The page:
16 Oct 2012

Don’t get caught up in the show – photographing events.

Speedlighting Blog No Comments

Photographing Events – I shot the film Premiere of The Life of Riley, a film by Jon Brewer about the life of BB King last week. The job was a red carpet shoot, party and gig by US blues veteran Walter Trout and The Strypes from Ireland. Childhood rock heroes, glamorous guests, live music and abundant alcohol – all potentials for a disastrous job.

Duff Press at BB King Premiere - photographing events

The Duff Press Team

Through photographing events like this I have come to realise that it’s actually not hard to stand out as a photographer in the corporate/entertainment world. As I observe things too many photographer get caught up in the product and think THEY are part of the party or product. Its important to stay focused on the service we are there to provide regardless of what the product is.

As I see it the key points for photographing events, however glamorous or exciting or even dull are as follows:-

  1. Arrive on time with all the right gear.
  2. Introduce yourself to the client and make sure you understand the brief – rehearse it with them.
  3. Understand the key timings for the event, who the key personalities are and make sure you have mobile numbers for the client, his PA or any other key team members. Make sure they all have yours – there is nothing worse than having to wander around a huge venue trying to locate your key players.
  4. Try and identify the key players around your client and introduce yourself to them.
  5. Make brief notes in front of the client – its reassuring. I make a brief note of timings on my iPhone in Notes. That way they see you are taking this seriously and you wont have to embarrass yourself by asking again. No one ever complained to me that I was taking a keen interest in their event.
  6. If there are other photographers there make sure you chat to one and get their details just in case you miss something
  7. Remember you are there as a service provider not to entertain yourself. Stay focussed on the job in hand.
  8. You are there representing your brand – value your brand – you are the best, and usually the only, ambassador for your brand. You are almost certainly surrounded by potential clients – its an opportunity to perform.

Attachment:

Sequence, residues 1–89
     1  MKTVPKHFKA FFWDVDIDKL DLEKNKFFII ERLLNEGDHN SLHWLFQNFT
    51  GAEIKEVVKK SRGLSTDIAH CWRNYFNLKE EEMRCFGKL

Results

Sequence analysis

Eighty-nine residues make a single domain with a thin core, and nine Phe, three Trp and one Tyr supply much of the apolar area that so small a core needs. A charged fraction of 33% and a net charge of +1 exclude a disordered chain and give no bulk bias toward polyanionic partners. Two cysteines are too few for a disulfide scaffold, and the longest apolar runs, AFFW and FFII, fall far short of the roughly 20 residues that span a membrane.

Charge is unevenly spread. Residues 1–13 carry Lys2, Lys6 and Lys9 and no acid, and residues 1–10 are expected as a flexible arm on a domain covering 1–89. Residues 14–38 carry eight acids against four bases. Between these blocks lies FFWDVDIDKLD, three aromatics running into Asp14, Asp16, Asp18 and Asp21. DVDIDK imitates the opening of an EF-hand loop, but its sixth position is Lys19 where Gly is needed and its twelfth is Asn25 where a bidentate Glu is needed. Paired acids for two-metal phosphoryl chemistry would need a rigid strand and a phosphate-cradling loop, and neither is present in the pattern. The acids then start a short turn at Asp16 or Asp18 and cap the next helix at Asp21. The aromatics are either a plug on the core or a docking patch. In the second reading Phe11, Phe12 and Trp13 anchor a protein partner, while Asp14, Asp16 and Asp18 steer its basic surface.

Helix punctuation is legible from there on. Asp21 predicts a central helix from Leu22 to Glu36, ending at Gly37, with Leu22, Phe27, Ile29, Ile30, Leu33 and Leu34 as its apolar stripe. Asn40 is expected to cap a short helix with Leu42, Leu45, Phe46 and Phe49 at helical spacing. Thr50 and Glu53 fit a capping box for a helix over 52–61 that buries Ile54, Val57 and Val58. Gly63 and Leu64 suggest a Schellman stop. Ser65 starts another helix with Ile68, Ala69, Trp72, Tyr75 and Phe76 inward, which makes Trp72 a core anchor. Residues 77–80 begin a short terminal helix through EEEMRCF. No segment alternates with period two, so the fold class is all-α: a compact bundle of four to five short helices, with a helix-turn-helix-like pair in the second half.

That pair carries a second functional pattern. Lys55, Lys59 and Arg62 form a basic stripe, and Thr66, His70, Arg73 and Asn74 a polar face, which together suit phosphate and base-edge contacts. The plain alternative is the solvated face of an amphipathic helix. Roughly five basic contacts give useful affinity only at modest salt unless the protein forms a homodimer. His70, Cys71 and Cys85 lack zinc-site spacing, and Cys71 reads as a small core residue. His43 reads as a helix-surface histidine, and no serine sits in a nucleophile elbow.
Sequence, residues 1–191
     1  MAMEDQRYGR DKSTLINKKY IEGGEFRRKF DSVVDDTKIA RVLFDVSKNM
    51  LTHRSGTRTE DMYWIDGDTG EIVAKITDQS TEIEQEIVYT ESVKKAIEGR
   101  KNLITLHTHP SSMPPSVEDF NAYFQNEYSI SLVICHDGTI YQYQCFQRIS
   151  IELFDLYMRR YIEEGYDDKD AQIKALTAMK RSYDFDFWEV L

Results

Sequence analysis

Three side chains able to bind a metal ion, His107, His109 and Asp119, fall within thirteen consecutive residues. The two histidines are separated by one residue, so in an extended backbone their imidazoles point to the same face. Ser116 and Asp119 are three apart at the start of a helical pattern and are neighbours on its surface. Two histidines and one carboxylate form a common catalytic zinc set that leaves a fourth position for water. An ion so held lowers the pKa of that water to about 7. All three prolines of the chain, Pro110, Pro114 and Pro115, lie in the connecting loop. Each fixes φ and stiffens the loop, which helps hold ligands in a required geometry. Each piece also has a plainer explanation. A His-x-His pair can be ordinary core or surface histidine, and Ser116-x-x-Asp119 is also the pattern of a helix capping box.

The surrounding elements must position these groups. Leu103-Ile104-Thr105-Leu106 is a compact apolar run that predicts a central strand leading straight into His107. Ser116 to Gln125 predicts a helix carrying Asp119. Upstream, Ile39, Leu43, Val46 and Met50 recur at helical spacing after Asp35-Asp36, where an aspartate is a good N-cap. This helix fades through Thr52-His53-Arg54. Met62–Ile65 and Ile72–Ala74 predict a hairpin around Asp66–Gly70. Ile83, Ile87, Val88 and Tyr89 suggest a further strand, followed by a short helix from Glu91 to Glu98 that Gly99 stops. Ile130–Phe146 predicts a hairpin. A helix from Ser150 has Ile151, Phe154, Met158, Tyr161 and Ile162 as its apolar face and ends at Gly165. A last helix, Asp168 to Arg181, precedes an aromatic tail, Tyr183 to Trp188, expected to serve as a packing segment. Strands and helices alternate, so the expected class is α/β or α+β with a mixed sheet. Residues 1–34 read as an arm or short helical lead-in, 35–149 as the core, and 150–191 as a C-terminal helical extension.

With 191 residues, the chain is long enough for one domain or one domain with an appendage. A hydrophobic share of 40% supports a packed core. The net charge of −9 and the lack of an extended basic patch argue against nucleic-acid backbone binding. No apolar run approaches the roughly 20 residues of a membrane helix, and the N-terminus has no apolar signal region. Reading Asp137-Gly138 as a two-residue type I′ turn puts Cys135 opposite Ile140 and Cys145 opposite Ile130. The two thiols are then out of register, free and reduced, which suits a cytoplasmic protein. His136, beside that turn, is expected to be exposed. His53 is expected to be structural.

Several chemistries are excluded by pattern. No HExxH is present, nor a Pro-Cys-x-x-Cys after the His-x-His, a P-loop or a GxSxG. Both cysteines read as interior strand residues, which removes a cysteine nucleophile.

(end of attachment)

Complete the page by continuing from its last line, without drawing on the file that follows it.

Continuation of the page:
9. You are there to serve your clients brand – seek to be of service, add value and enhance their brand not only through your images but also through your interactions. What can I give of myself to the event to make a difference to my clients experience?
  10. Do not drink alcohol. That’s for the guests only. No. Not ever. Not one. I don’t drink so easier for me to say – it’s a credibility breaker in my view to see someone drinking at work.
  11. We all assume you can take great photos that’s why you got the gig – do not discuss technique with the client – no one is interested and you come across as boring and amateurish.
  12. Be a team player and communicate.
  13. At the end of the event tell the key players you are leaving, hand out some cards, confirm the timing for delivery of the work, thank them for the work and tell them what a great event you thought it was.
  14. Do not expect feedback, praise or comment – you will be disappointed. My experience of corporate event clients, be it BB King or Barclays, no comment is good comment. In general people are very bad at saying thank you and the world of photography is no different.
  15. Deliver the edited images when you said you would.


Jeff Beck & Jon Brewer at BB King premiere - photographing events

Jeff Beck & Jon Brewer at the BB King premiere


Sam Avila and the Walter Trout band - photographing events

Sam Avila and the Walter Trout Band

The Strypes at BB King premiere - photographing events

The Strypes at the BB King Premiere

Steve Hackett at BB King Premiere

Steve Hackett at the BB King Premiere

Taking a parallel from the rock music PR world I see so many PR people behaving like groupies that it makes you wonder how they have lasted so long. They get caught up in the party atmosphere and forget to take care of business. Lets not make the same mistake if we want to have long careers photographing events.

Share the word
  • Digg
  • Twitter
  • Google Bookmarks
  • Facebook
  • LinkedIn
No Responses to “Don’t get caught up in the show – photographing events.”

Leave a Reply

You must be logged in to post a comment.